Fresh off the Summer Olympics in Rio de Janeiro, Brazil, the former CFL commissioner also points to the various individual disciplines present in mixed martial arts that were featured at that event and how there is a disconnect between celebrating those athletes and their successes while viewing UFC athletes and mixed martial artists in general through a different lens.
“As you probably know for the 2020 Games, karate has been brought back as an Olympic sport, so you’ve got karate, you’ll have judo, taekwondo, Greco-Roman wrestling, freestyle wrestling and boxing,” says Wright, who joined the UFC in May 2010.
“We’ll send athletes to Rio, they’ll come back with a gold medal in wrestling and we’ll take them to Ottawa and give them a standing ovation.
“All of these individual combat sports which are respected and loved, we embrace the sports on an individual level, and I think if you take the time to learn about it, you would embrace the sport on a collective level.”
In town as one of the guest fighters for this weekend’s event, No. 1 welterweight contender Stephen Thompson presents another side of the discussion that gets obscured by the graphic highlights and images that usually make up the public depiction of this sport.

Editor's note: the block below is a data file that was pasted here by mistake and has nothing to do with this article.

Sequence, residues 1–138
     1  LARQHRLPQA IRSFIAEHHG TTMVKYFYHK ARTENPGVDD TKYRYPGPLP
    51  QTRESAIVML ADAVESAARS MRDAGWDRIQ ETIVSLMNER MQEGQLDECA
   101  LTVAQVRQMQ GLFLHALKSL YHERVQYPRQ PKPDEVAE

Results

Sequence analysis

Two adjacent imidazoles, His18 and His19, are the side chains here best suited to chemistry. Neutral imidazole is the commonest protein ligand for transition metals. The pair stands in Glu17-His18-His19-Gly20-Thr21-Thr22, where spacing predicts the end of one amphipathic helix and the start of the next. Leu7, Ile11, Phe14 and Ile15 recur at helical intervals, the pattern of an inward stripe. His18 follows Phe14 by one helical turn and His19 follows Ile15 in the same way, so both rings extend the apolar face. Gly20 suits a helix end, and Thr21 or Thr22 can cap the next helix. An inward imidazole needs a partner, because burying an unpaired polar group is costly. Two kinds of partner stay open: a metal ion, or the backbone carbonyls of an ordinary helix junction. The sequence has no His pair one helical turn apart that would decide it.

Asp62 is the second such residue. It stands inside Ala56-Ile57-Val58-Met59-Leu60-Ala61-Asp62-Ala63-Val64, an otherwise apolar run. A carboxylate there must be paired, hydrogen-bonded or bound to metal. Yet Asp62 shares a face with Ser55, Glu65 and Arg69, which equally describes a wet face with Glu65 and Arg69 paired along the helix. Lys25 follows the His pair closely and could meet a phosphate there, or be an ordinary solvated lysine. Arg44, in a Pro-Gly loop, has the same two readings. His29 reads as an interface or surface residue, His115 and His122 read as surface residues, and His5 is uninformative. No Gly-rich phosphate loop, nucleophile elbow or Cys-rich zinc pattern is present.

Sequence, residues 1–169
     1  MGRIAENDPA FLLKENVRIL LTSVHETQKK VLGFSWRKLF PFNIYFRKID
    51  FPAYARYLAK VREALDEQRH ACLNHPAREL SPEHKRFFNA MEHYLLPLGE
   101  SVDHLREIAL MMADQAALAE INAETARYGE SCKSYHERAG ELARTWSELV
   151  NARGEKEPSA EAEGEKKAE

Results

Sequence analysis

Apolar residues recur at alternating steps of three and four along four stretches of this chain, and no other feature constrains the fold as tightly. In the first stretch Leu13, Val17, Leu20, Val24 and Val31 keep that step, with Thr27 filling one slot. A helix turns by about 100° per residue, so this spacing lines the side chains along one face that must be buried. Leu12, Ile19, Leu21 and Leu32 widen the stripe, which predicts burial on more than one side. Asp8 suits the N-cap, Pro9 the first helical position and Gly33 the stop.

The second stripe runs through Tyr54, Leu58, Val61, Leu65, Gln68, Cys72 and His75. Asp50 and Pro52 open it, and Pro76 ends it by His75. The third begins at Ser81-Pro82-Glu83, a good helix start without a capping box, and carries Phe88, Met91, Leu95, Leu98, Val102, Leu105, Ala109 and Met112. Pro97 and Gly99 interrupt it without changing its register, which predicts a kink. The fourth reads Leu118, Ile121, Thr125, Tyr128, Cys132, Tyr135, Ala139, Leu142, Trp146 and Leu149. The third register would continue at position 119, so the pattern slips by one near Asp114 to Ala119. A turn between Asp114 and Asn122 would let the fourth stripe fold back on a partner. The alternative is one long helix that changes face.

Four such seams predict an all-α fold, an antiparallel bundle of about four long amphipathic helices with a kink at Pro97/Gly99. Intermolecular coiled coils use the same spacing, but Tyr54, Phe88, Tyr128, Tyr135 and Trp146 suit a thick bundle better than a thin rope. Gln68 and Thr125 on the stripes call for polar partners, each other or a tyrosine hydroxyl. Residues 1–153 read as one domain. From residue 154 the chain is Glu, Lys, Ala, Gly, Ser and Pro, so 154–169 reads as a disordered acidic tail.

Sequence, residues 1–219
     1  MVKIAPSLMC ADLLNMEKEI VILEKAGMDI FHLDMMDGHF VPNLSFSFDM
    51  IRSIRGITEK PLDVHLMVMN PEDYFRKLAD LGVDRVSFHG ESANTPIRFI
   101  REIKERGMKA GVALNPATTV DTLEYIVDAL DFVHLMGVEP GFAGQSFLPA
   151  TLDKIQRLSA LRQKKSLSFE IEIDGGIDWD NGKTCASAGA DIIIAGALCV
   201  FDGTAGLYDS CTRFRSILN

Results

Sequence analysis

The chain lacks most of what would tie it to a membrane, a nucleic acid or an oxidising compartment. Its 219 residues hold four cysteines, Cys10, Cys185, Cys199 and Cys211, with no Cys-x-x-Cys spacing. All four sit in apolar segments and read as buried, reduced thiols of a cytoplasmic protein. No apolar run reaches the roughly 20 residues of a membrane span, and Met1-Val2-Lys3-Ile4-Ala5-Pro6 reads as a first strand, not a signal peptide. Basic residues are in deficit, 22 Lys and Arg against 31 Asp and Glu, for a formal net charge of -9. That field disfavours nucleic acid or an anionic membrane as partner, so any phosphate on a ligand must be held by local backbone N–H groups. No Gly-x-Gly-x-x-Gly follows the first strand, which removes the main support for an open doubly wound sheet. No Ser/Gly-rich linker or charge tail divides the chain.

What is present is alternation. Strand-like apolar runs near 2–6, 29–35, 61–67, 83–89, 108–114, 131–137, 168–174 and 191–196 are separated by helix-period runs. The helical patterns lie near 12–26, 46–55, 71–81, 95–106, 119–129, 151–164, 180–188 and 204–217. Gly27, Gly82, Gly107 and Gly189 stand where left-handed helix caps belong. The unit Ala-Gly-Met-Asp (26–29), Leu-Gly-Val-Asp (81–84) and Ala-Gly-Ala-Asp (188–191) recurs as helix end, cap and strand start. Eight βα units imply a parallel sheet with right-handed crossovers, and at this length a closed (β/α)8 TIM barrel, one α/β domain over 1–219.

A life-long martial artist, the 33-year-old from Simpsonville, S.C., is not only an elite contender in the UFC but also an instructor, running the kids program at his father Ray’s gym, Upstate Karate.
“One of the reasons why I do it and why I teach is that I know what the martial arts have done for me,” says Thompson, who joined fellow UFC athletes Joseph Benavidez and Elias Theodorou at Diaz Combat Sports on Thursday to host a We Are All Fighters event with Special Olympics British Columbia.